Daily Archives: April 22, 2014

Laurie Anderson and Rebecca Stead Together With Others at the Met?

SPARK: A New Conversation Series
Laurie Anderson,
performance artist
Melanie Holcomb, curator in the Department of Medieval Art and The Cloisters, MMA
Rebecca Stead, author
SeungJung Kim,art historian, professor at the University of Toronto

We think we can measure time only in minutes and seconds, but artists and musicians can also play with, stretch, and compress it. Our awareness of the expanse of human time is shattered by our understanding of geologic time and the age of the stars. In this program, our sense of time is expanded and upended, as Met curator Melanie Holcomb describes how a whole day is compressed into a few square feet in a medieval frieze; astrophysicist-turned-art historian SeungJung Kim explores the double Greek notions of chronos and kairos; writer Rebecca Stead bends time in her novel When You Reach Me (2009); and performance artist Laurie Anderson meditates on time and space.

The Spark series explores vital ideas and issues through the lens of the Met’s collections. Each cabaret-style program gathers artists, thought leaders, and performers from theater, film, politics, literature, science, and pop culture to engage in wide-ranging, fresh conversations and performances. Spark is hosted by Julie Burstein, author and Peabody Award–winning creator of public radio’s Studio 360.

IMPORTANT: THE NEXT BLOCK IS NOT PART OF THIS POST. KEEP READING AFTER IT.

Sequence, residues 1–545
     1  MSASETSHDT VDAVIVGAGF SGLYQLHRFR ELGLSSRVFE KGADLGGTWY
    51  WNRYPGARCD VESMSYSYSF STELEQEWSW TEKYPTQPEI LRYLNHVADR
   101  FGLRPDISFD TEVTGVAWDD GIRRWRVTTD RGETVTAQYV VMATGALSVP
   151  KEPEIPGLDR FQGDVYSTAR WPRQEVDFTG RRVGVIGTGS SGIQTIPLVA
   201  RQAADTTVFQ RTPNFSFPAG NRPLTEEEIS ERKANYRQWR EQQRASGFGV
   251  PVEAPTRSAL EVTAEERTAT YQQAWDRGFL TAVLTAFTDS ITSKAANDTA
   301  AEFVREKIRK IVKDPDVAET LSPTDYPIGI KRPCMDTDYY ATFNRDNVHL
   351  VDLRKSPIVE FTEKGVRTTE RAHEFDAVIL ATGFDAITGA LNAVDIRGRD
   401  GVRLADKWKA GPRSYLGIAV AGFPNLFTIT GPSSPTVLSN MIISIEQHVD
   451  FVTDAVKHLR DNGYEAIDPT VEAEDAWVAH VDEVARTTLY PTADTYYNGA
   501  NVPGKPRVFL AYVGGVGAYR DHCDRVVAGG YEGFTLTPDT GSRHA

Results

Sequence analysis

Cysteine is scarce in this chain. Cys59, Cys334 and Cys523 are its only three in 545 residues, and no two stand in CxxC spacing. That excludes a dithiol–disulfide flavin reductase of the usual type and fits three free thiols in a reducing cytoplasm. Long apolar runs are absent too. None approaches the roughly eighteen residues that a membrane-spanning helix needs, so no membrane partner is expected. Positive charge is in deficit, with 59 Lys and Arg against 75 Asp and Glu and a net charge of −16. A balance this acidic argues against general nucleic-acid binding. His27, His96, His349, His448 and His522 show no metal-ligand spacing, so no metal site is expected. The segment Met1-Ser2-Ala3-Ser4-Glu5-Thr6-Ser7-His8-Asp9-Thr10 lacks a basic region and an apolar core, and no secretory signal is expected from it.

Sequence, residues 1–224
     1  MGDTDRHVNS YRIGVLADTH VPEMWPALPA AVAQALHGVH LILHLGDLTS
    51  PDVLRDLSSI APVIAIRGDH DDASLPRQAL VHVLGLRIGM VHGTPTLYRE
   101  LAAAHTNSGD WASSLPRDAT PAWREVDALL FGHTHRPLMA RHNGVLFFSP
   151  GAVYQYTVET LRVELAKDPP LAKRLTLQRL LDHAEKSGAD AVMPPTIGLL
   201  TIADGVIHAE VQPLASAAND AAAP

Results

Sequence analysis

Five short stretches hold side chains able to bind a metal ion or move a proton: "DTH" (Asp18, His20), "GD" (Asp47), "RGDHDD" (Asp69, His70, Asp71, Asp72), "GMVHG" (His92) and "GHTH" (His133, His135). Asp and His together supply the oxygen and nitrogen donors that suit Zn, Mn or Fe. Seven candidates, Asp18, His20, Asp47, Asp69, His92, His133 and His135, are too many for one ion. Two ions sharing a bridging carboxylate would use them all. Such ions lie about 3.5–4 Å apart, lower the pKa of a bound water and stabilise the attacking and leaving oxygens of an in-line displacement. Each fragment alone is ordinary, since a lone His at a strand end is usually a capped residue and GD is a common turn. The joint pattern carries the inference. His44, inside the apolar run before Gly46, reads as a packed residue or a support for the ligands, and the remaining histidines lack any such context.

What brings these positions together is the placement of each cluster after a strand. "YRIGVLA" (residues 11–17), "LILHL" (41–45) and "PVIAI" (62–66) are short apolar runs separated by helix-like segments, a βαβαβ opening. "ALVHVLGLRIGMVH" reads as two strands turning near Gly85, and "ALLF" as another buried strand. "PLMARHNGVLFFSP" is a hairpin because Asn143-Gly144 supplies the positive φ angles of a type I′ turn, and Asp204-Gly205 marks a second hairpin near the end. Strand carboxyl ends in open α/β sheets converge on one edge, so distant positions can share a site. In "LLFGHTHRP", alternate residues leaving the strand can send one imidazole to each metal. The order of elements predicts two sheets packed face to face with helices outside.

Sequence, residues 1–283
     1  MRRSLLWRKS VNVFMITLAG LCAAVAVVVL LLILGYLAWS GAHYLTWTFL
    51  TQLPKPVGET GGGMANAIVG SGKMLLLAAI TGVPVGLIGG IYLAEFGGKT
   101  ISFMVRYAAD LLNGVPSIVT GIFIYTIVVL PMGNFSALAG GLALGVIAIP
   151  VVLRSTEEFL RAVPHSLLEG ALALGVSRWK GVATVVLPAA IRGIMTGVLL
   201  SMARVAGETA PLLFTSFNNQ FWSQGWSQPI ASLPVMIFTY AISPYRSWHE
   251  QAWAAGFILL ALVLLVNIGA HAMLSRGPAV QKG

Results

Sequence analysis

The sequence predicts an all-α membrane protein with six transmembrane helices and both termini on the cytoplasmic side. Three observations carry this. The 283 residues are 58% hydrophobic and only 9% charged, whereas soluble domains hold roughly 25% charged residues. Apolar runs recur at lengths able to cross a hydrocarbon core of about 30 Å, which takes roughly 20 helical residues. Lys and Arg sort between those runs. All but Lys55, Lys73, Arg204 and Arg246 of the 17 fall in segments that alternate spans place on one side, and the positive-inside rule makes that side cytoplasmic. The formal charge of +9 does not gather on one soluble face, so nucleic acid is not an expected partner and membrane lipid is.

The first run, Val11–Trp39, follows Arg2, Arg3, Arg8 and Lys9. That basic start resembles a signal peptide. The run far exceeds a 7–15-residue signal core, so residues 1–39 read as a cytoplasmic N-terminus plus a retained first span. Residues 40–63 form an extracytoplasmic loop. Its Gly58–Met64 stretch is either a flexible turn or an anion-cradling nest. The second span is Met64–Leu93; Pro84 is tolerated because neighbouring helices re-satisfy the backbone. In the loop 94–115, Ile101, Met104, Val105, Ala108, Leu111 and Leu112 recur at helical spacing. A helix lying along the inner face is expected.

I don’t know about you, but this event at the Metropolitan Museum of Art next Wednesday, April 30th, looks incredibly cool to me.

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More About Endings, Ambiguous and Others

Endings have always been my Everest. Or, really, if writing a novel is like climbing Everest, then my tendency is to get within eyeshot of the summit and say, “Well, that’s far enough.” In the seventh grade my English teacher had only one rule: Our stories couldn’t end with it all turning out to be a dream. Thanks to me, this rule soon expanded to include everyone dying in a bus crash, an asteroid hitting Earth, etc., etc.

I just finished reading Alice’s Adventures in Wonderland to my 4th graders. When we got to the last few pages  I warned them to be irritated. Why? Because of the horrible ending. Not only does it all turn out to be a dream, but Carroll blathers on in the most twee and sentimental way. So, I’m with that 7th grade English teacher — no ending-with-a-dream.

But that 7th grade teacher’s admonition is only a tiny piece of Kristopher Jasma’s thoughtful NYTimes essay, “The End, or Something.” Jasma looks at many aspects of the struggle and importance of endings including those ambiguous ones and how and what is satisfying and necessary both for the writer and the reader.

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